A Native American tribe is suing New Jersey officials to demand it be recognized by the state government.
The Nanticoke Lenni-Lenape Tribal Nation filed a federal civil rights suit on Monday saying that not having recognition hurts its members psychologically and financially.
The tribe, which is based in Bridgeton, traces its history in the area back 12,000 years and says it now has 3,000 members — the majority of them living in the state. New Jersey made the Nanticoke Lenni-Lenape its third recognized tribe with a legislative resolution in 1982.
But the tribe says that’s now at risk because of an two-sentence email sent by a staffer at the New Jersey Commission on American Indian Affairs to the federal government’s General Accounting Office in 2011 that said New Jersey had not recognized tribes — a change that could also affect the Powhatan-Renape Nation and the Ramapough Mountain Indians, which also had been designated by the state.
Gregory Werkheiser, a lawyer for the tribe, said some state officials became nervous more than a decade ago about the possibility of recognized tribes trying to develop casinos. But Werkheiser said the Nanticoke Lenni-Lenape Nation has no interest in that, a position spelled out in the tribe’s constitution. And even if it did, he said, it would take federal recognition— which can take decades to secure — for that to happen.
The state status is important to the tribe because, without recognition, it says, its members cannot sell crafts including beadwork, walking sticks, drums, headdresses, regalia, and pottery as “Indian made,” an issue that could cost more than $250,000 a year.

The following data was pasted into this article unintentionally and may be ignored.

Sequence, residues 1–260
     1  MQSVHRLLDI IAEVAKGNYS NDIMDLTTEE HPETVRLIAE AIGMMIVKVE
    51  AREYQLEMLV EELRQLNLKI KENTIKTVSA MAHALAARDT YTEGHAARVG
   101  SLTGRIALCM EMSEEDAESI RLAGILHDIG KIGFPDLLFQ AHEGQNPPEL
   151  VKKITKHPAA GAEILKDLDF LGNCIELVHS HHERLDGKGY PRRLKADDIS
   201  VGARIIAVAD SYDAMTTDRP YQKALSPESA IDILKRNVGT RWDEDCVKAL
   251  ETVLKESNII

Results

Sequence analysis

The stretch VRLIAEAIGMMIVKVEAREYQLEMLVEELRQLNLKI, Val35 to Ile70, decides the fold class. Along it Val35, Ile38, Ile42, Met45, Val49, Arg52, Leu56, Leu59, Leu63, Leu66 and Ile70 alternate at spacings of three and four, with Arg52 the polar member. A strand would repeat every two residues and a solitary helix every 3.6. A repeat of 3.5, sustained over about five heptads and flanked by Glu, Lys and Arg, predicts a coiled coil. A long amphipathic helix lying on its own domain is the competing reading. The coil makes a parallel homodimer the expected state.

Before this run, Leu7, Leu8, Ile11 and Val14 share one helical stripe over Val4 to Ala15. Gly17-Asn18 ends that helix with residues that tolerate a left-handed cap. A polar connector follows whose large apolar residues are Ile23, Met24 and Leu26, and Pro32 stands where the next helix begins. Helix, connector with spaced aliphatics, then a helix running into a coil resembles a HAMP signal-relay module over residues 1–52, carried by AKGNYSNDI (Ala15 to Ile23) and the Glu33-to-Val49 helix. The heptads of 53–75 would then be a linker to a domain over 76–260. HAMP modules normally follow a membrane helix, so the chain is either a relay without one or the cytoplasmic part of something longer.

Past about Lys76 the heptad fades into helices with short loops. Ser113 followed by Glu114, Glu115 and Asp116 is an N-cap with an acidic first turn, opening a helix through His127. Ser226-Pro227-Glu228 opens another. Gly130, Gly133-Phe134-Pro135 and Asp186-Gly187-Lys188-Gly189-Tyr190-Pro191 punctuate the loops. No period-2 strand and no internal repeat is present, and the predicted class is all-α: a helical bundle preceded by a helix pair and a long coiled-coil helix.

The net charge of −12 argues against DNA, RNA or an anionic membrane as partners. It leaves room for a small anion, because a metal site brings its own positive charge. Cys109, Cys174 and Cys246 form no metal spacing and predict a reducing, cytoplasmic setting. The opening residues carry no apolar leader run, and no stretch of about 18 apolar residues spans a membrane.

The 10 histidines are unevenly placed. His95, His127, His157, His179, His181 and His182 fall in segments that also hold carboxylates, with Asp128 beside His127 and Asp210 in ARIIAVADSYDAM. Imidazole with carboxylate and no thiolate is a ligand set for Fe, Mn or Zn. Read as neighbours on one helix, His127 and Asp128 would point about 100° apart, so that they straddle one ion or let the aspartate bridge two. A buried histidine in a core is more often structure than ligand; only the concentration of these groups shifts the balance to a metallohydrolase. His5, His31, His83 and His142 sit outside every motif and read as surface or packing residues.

Werkheiser said the tribe’s artisans — many of them senior citizens — have already seen their income take a major hit from that.
And the tribe says it could lose $600,000 in grants, tribal jobs and scholarships that are tied to its designation as a recognized tribe. “State recognition of a tribe has little to no impact on a state budget, except that it may provide tribes access to certain federal benefits that save the state from spending its own dollars,” the tribe contends in the suit.
The state government has not responded to the claims in court.
The state Assembly passed a bill in 2011 on procedures for recognizing tribes, but the measure never received a vote in the Senate.
A spokesman for John Hoffman, the state acting attorney general, said the office would not respond as it generally does not talk in public about lawsuits it faces.
This story has been corrected to show that a New Jersey state government employee told the federal government that the state does not recognize any tribes in 2011, not 2012.